(41c) Substratum Stiffness Regulates Erk Signaling Dynamics through Receptor-Level Control | AIChE

(41c) Substratum Stiffness Regulates Erk Signaling Dynamics through Receptor-Level Control


Nelson, C., Princeton University
Lemke, S. B., Princeton University
Toettcher, J. E., Princeton University
Dine, E., Princeton University
Uribe, G., Princeton University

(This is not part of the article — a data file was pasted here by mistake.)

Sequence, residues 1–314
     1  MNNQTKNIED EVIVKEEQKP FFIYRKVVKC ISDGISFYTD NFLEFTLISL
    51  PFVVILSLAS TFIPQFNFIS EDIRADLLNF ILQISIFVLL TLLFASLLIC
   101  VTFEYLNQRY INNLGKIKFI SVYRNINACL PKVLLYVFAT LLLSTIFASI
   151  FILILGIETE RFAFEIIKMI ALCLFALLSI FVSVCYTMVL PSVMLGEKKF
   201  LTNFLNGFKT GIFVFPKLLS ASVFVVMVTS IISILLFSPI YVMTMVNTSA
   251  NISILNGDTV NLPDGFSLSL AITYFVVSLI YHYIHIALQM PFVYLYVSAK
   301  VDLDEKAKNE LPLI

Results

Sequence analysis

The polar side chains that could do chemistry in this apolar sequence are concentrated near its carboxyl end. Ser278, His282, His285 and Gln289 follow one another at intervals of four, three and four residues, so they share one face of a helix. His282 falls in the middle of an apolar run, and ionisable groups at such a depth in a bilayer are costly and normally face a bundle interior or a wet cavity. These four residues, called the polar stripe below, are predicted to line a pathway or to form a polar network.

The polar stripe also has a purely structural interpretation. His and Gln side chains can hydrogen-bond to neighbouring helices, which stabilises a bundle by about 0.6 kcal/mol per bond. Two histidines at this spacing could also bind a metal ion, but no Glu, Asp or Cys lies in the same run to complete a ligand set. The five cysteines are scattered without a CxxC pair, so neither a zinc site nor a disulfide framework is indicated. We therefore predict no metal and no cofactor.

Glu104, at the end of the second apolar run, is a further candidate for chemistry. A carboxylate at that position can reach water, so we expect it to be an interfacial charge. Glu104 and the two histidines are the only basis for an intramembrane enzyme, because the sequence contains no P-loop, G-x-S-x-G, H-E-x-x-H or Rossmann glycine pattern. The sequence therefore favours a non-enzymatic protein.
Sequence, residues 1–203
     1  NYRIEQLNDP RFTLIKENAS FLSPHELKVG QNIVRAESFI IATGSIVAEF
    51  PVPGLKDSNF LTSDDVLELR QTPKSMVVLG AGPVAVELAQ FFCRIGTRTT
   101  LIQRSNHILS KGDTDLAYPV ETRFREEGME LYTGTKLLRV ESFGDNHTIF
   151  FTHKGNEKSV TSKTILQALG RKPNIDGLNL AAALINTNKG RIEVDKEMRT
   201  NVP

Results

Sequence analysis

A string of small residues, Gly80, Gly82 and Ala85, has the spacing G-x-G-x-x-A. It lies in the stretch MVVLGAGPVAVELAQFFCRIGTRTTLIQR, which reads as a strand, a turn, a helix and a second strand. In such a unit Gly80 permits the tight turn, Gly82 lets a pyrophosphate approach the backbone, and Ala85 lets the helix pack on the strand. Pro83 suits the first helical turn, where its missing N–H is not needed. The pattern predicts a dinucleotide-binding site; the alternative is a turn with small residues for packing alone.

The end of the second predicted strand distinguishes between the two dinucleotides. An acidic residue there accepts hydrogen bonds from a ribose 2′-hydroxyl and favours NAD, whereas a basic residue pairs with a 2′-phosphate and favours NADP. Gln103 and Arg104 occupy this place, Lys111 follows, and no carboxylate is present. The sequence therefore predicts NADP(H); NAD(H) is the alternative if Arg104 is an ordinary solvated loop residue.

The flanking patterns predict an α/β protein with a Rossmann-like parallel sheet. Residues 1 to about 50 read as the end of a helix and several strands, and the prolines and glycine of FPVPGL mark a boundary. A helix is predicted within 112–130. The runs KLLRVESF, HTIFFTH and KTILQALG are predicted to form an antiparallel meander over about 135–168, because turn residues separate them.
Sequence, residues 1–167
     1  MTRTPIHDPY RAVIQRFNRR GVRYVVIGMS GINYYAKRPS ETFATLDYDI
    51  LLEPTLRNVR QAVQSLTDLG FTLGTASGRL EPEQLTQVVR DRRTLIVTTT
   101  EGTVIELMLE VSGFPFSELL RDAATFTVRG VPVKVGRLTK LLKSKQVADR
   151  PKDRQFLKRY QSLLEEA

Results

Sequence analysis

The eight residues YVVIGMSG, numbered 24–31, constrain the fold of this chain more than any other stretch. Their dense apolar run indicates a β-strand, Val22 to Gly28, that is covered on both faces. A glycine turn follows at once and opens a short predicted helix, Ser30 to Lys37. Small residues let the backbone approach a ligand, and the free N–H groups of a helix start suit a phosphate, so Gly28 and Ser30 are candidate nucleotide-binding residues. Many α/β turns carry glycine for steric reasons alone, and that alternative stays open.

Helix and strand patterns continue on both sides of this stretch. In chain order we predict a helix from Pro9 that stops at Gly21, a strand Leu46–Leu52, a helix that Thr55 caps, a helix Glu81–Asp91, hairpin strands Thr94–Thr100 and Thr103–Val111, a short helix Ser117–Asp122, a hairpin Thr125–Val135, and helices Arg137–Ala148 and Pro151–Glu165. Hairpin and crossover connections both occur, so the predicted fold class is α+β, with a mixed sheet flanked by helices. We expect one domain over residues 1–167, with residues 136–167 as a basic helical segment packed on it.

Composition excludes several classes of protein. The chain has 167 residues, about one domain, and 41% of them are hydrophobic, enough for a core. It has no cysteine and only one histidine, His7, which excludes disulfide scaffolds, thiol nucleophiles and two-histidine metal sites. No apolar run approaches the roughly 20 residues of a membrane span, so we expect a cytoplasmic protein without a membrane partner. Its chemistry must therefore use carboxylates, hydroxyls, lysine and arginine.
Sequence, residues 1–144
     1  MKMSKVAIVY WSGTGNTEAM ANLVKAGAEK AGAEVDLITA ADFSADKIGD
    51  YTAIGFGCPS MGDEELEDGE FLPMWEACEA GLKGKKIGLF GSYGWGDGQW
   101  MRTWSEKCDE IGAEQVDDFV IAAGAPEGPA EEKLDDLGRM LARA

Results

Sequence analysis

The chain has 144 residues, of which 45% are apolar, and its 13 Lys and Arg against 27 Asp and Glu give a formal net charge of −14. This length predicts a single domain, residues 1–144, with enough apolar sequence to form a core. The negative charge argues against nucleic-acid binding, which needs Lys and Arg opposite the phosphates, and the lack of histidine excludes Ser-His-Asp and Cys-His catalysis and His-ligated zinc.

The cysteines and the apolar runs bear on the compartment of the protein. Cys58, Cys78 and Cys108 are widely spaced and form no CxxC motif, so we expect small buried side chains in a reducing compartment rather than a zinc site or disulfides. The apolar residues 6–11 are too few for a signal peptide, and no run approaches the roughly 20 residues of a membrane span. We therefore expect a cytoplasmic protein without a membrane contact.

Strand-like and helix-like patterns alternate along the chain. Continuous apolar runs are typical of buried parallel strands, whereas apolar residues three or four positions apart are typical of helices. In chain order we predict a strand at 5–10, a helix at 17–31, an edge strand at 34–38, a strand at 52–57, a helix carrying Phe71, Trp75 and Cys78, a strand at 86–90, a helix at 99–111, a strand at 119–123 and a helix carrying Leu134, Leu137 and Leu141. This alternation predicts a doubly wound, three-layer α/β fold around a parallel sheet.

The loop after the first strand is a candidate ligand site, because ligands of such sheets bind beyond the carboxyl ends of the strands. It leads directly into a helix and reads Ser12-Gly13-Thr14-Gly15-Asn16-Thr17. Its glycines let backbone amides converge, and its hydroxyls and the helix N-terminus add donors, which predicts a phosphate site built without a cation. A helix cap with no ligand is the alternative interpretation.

The Ras/Erk cascade is classically stimulated by extracellular ligands to regulate processes such as cell growth, proliferation, and migration. During normal development and cancer progression, cells make fate decisions in response to the dynamics of Erk signaling, which depend on how stimuli from the microenvironment are interpreted by cells. While the mechanical properties of the microenvironment are also known to affect Erk signaling, their effects on the dynamics of Erk signaling are poorly understood. Here, we characterize how the stiffness of the underlying substratum affects the dynamics of Erk signaling in human mammary epithelial cells. We find that soft microenvironments attenuate Erk dynamics, both at steady-state and after stimulation with ligands. Optogenetically manipulating Ras and epidermal growth factor (EGF) receptor results in comparably sustained Erk signaling in cells on both soft and stiff substrata, revealing that long-term intracellular signaling is unaffected by substratum stiffness. Instead, we find that cells on soft microenvironments activate and internalize EGFR to lesser extents compared to cells on stiff microenvironments. Treatment with a fluorescently tagged EGF revealed less EGF localization at the membranes of cells on soft substrata, suggesting that cells on soft microenvironments activate EGFR less efficiently due to impaired receptor-ligand interactions. Finally, overexpression of EGFR in mammary epithelial cells is sufficient to increase EGF membrane binding, EGF internalization, and Erk signaling on soft microenvironments. These findings underscore how multiple microenvironmental signals, both biochemical and mechanical, may be jointly processed through a highly conserved pathway that regulates tissue development, homeostasis, and cancer progression.